Settlement began in the Cherokee Nation when the Atlantic and Pacific Railroad built tracks through the area to Vinita, Oklahoma, in 1871. At that time, the settlement was a farming community that thrived utilizing the rich, black soil along Horse Creek.
In 1886, a post office was established, and a Scottish railroad surveyor named the town for his daughter, who was named after the River Afton in Scotland, made famous by Robert Burn’s poem.
By 1900, the town boasted a population of about 600 people, and the next year, it grew due to the arrival of the Kansas City, Fort Scott, and Memphis Railroad. With two railroads coming through the town, Afton became a busy railroad center and, by 1910, had grown to a population of 1,279. By the next year, the town boasted two new school buildings, two hotels, two banks, a brick and tile plant, a creamery, a newspaper, mills, grain elevators, a large waterworks, and many other businesses. Agriculture and ranching also continued to play a significant role in the area economy. By 1920, the town was called home to about 1,500 people. However, the population later dropped to about 1,200 during a post–World War I agricultural depression.
However, further prosperity came to the town when Route 66 barreled through the community in 1926. Soon service stations and motor courts popped up to serve the many travelers along the Mother Road. During these years, Afton provided one of the most popular tourist stops along the Mother Road – that of the Buffalo Ranch, which included not only buffalo but also llamas, yaks, and a petting zoo and barbeque. Providing another boost was the creation of nearby Grand Lake O’ the Cherokees in 1940.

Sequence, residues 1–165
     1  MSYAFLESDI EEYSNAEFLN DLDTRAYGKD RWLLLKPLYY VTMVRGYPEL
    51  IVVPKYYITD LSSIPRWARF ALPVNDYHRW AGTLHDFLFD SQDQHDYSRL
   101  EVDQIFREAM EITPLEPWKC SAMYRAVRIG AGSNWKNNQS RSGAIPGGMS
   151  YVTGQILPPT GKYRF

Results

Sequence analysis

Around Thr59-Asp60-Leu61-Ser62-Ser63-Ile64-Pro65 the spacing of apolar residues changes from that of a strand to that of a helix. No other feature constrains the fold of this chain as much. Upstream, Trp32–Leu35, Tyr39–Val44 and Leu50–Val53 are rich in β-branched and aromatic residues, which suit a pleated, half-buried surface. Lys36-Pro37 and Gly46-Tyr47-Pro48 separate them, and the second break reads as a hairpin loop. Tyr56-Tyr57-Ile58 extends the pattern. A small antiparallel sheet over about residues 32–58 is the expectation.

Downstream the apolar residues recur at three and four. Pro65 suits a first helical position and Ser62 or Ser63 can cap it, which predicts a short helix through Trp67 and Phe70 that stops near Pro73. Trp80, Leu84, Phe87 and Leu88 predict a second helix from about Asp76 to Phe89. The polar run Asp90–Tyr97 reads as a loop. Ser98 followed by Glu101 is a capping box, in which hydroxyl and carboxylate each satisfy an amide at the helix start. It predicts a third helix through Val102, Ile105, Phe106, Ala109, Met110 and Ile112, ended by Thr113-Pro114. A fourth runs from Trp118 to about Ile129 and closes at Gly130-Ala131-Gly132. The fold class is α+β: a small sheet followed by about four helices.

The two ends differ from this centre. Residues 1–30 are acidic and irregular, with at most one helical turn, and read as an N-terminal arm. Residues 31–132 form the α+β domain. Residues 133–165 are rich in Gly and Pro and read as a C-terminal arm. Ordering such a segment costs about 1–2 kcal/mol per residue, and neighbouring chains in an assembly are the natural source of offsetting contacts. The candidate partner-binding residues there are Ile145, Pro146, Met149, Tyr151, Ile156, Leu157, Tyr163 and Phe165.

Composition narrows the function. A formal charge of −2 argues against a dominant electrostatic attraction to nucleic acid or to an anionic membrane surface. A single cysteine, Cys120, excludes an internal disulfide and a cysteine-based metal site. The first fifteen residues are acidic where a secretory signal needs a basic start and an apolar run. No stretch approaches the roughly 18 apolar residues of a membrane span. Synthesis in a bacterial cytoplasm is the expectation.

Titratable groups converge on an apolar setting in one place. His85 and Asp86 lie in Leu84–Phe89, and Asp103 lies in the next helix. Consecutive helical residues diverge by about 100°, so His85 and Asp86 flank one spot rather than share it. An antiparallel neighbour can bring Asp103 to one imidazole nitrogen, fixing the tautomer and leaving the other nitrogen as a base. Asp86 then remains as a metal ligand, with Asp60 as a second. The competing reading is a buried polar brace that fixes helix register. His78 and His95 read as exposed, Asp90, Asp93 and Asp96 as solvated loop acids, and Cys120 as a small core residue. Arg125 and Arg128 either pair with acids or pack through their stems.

Through the years, these attractions maintained Afton’s population at about 1,200 until it started to drop in about 1960 after I-44 bypassed the town in 1957.
Over the next years, businesses that formerly catered to Route 66 travelers, including the Palmer Hotel, Rogers’ Motel, Rest Haven Motel, Green Acres Motel, and more, were forced to close. The popular Buffalo Ranch was closed down in 1997. Today it is the home of the Buffalo Ranch Travel Center convenience store. Nothing of the original complex remains, but the new owners occasionally keep a buffalo or two on the premises as an homage to its past. The historic Palmer Hotel, built in 1911, suffered a massive fire on July 1, 2020, along with several other historic downtown buildings.
Amazingly, though most of its businesses are gone, and the town has a bit of a ghost town feel, Afton continues to be called home to about 1,000 people. For visitors, this small town continues to boast several examples of classic Route 66 roadside architecture. The primary one is a former 1937 D-X gas station which has been beautifully restored as the Afton Station and Packard Car Museum, which has long served as a visitor center for travelers. However, the building went on the auction market after the death of its owners in June 2019.
Other photo opportunities present themselves at the remains of the old Rest Haven Motel, where many weary Route 66 traveler once laid their heads. The old Palmer Hotel and Bassett’s 1922 Grocery Store are among the fading downtown buildings. A fit further west is the decaying Avon Motel.
The road continues to Vinita, Oklahoma, the crossroads of America. Just eight miles southwest of Afton along Highway 59, a wonderful side trip presents itself at Grand Lake O’ The Cherokees, providing visitors with boating, skiing, fishing, swimming, and sailing opportunities. Across the lake in Grove, Oklahoma, is the site of Har-Ber Village, one of the largest antique museums in the United States. This reconstructed turn-of-the-century village contains over one hundred buildings and a collection of thousands of items representing America’s past.